novelist, professional ghost writer

Alice is:

  • very experienced. Over the past 17 years she has worked full-time as a ghostwriter and copy-editor, completing over 25 full-length books. These include fiction, memoirs and non-fiction as well as academic works that were published by Cambridge University Press and Indiana University Press.
  • available. Alice works from home. (One client writes: ‘At crisis point, Alice worked with me on a scene for a half-hour on the phone. Was mortified the next day to remember that, for her, this was at half-eleven p.m. That’s the kind of interest she takes, though.’)
  • flexible. Lots of editors do a bit of copy-editing ‘on the side’ or as a second income. Alice does it for a living. And she’ll work in whatever method works best for you. She has travelled as far as China and the US to work with clients, but normally it’s a combination of email, phone, Skype and/or face-to-face meetings in London.
  • reliable. As professor Bella Brover-Lubovsky wrote, ‘If she says it’ll take a week, it takes a week. There are lots of editors who promise the earth and don’t deliver. Alice delivers.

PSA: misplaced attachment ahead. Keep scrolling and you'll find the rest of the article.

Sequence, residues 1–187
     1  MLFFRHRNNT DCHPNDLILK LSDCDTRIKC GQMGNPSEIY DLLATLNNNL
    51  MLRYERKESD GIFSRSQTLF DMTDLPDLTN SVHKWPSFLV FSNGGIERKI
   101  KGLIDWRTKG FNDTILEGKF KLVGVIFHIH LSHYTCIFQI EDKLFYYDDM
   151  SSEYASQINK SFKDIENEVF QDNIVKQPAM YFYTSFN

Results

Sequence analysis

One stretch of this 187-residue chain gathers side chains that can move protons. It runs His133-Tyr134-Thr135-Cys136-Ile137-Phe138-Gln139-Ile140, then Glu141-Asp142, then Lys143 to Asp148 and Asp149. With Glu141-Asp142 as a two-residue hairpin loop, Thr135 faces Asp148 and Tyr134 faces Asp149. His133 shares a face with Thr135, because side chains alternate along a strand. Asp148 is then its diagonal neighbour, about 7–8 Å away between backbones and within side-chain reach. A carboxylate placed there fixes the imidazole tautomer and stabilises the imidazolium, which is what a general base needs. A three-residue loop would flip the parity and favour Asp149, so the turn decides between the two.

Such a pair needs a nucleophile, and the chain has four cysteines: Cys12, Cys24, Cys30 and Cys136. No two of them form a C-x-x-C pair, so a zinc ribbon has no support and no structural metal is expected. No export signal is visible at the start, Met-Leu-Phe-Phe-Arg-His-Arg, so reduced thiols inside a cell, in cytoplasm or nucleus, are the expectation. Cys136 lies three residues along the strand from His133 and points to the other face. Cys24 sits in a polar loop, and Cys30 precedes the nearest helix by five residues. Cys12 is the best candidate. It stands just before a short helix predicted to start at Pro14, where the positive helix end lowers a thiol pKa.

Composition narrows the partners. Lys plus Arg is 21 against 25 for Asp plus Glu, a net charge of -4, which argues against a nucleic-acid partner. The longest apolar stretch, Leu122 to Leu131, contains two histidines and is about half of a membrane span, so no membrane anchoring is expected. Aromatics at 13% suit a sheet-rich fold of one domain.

• empathetic. Most editors have never been published themselves. Alice has not only ‘been there’ in terms of having her own novels published by a top London publisher, but is also wonderfully supportive throughout the entire book-writing process. Quotes from clients include: ‘Alice was almost always on the end of a phone’. . . ‘Alice gave me the self-belief to do this, would have made a great life-coach in my opinion’ . . . ‘She made the whole business fun. She does great quips. Some of her comments on my first draft cracked me up!’ (Quotes from authors Daniel Ogilvie, Hans Arnold, and Julie Bremer.)
  • not the cheapest — or the priciest, either. ‘There are loads of creative writing students in London or hard-pressed editors on the Indian subcontinent who can—more or less—put a book together, but for quality and style Alice McVeigh is unbeatable.’ And this: ‘Alice is entirely professional: she gave me an exact running total of hours accounted for, week by week, for my husband’s records.’ (Quotes from authors Jennifer Overhaus and Daniel Streaton).